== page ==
by David Safier
“[Minority] students who are told that things are fair implode pretty quickly in middle school as self-doubt hits them,” he said, “and they begin to blame themselves for problems they can’t control.”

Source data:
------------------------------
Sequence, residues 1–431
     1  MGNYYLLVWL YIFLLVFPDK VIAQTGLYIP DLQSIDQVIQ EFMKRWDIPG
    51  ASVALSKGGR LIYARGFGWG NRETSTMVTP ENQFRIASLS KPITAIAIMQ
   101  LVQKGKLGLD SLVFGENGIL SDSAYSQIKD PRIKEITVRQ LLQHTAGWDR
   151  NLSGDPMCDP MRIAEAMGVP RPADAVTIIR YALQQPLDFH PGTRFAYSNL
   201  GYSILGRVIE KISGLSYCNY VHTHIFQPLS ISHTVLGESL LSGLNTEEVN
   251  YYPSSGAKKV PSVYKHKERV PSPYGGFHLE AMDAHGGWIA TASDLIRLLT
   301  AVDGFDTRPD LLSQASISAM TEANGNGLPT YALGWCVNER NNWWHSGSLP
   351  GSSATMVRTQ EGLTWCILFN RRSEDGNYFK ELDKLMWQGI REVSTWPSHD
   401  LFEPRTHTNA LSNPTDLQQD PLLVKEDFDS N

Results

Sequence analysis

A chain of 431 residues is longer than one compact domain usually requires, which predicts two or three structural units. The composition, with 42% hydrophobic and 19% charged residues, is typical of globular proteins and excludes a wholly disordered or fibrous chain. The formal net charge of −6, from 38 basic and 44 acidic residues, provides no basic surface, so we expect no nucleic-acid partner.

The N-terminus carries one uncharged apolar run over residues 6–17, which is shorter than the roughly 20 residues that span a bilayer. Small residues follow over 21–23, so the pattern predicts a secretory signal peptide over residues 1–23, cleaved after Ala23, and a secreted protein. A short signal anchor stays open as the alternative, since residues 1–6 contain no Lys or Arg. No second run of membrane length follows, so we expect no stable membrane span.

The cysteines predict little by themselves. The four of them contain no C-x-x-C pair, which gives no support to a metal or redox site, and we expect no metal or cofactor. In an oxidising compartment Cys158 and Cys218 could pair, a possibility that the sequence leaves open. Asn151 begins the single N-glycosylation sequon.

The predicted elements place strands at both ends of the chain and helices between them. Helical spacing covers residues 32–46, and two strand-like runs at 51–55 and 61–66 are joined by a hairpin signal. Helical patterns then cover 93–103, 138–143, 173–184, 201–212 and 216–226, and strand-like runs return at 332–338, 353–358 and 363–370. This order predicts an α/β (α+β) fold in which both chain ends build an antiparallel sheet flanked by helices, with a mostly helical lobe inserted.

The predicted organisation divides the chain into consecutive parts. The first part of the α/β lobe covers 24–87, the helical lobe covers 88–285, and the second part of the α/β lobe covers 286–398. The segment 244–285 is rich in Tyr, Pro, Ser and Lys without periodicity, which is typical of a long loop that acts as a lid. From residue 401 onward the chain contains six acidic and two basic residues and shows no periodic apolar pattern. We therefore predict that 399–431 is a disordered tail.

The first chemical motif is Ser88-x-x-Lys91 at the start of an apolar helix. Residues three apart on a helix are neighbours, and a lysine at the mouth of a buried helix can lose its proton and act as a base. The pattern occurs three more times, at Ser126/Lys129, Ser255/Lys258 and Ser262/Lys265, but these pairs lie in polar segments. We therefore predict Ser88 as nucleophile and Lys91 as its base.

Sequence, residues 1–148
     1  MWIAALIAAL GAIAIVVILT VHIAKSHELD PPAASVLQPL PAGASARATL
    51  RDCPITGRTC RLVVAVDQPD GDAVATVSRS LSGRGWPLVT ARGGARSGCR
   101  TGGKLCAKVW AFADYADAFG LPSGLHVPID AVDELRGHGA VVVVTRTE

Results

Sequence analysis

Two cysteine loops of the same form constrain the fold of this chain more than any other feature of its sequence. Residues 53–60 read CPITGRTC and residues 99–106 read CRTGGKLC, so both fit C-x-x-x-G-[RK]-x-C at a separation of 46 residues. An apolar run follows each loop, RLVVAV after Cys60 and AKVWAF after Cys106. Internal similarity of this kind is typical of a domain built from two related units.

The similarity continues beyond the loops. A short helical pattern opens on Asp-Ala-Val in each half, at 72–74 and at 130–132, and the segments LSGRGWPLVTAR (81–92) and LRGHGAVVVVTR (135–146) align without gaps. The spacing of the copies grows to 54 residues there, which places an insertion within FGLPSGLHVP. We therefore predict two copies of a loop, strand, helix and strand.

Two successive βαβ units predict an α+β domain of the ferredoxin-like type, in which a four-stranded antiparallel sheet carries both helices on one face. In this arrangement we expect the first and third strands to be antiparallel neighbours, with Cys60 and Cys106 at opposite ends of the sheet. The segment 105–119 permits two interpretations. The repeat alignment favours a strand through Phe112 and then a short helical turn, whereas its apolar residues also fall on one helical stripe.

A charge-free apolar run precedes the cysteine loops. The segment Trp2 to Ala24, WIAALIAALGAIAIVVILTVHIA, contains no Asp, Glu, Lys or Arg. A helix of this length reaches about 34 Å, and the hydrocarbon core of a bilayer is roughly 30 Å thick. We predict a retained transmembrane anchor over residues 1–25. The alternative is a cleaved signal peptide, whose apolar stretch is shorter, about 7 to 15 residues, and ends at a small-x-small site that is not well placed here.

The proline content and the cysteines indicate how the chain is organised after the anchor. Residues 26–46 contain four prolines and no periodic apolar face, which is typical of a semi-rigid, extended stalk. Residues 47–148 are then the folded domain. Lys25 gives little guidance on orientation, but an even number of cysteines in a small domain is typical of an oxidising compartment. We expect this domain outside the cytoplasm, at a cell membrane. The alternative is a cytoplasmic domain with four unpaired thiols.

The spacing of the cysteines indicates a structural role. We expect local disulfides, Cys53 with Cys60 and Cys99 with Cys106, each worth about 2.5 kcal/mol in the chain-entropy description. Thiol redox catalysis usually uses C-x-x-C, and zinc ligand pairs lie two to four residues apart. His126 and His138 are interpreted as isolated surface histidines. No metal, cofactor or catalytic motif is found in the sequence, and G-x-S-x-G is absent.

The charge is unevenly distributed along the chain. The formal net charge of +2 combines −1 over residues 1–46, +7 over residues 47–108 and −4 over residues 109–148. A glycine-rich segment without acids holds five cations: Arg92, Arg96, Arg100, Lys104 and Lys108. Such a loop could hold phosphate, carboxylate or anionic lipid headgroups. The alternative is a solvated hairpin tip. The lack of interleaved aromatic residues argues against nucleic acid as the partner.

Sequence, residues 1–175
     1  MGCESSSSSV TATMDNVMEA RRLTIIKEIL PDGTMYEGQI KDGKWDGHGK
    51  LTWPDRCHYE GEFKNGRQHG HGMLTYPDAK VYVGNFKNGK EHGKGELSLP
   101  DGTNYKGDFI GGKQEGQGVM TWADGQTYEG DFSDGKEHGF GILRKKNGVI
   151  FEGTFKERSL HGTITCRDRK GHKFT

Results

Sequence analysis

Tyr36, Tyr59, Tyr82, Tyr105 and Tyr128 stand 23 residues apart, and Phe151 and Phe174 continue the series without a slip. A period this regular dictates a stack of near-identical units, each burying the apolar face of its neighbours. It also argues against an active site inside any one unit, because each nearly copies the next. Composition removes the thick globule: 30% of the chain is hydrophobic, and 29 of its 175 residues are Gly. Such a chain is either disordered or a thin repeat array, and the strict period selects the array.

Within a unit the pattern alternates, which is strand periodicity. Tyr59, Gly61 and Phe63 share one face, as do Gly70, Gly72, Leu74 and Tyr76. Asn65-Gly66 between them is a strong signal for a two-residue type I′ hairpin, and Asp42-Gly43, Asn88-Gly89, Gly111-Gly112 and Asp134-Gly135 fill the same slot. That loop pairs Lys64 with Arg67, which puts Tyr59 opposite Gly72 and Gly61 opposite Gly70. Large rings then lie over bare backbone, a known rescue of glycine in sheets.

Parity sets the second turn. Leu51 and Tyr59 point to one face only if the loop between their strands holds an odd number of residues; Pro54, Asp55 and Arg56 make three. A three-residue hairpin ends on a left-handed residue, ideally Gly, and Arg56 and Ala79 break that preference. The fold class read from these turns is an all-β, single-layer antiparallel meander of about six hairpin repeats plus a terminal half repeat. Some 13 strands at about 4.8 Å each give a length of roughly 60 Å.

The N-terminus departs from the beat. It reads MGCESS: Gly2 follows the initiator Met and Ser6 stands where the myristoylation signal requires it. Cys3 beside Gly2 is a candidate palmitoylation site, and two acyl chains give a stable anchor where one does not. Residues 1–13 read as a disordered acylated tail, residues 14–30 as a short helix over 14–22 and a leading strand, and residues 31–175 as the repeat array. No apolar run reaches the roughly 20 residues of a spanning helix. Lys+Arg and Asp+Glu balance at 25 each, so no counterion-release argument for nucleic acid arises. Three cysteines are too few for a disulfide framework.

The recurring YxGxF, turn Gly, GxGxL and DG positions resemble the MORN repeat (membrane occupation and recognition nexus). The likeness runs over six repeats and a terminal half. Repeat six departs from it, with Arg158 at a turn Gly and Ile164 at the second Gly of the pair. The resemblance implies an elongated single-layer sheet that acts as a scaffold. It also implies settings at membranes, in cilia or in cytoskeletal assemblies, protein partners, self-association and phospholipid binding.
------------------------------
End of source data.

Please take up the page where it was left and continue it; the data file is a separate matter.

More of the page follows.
While the sample was relatively small, [Erin Godfrey, lead author of the study] said the findings are informative and mirror prior research. Indeed, previous analyses have found that system-justifying beliefs are associated with lower self-esteem in black adults and lower grade-point averages for Latino college students.All of this brings us back to Mexican American Studies. The program spotlighted the history of prejudice and oppression directed at Hispanics in the U.S. No question, giving that kind of instruction to Hispanic students can make us advantaged white folks feel uncomfortable. It's nicer to believe we attained our positions in society on our own merits, not because we had a societal leg up on others. Our consciences rest easier if we don't hear a lot of talk about our deep, wide, far-reaching social inequalities. But if the study's conclusions are accurate, easing our consciences by encouraging a sanitized version of American history, sociology and economics in school is detrimental to students who are on the receiving end of the inequity. When minority students understand that obstacles have been put in their path, and in the path of their parents and their parents' parents, the weight of believing "It's all my fault" is lightened. Realizing that the societal playing field is uneven and they're the ones who have to run uphill makes it easier to internalize the feeling that they are in fact "created equal" with others who have greater advantages. That knowledge may lead to the desire to run a little harder, to show themselves and the world, "Yes I can" (possibly with a little "I'll show you, you son of a bitch!" thrown in).